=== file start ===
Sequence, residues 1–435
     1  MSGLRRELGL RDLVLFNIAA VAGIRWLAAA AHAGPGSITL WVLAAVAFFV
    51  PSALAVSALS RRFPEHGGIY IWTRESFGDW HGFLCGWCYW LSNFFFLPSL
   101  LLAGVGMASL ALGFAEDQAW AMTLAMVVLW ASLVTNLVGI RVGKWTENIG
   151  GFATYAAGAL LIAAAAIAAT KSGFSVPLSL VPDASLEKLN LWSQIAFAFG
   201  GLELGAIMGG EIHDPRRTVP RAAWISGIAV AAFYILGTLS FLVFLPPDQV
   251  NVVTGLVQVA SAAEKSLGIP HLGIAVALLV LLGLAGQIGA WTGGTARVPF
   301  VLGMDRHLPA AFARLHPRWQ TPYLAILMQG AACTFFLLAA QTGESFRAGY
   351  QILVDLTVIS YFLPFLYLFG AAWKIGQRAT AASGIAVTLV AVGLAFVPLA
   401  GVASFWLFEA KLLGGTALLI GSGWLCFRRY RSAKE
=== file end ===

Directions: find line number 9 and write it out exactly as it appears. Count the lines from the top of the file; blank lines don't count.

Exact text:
   351  QILVDLTVIS YFLPFLYLFG AAWKIGQRAT AASGIAVTLV AVGLAFVPLA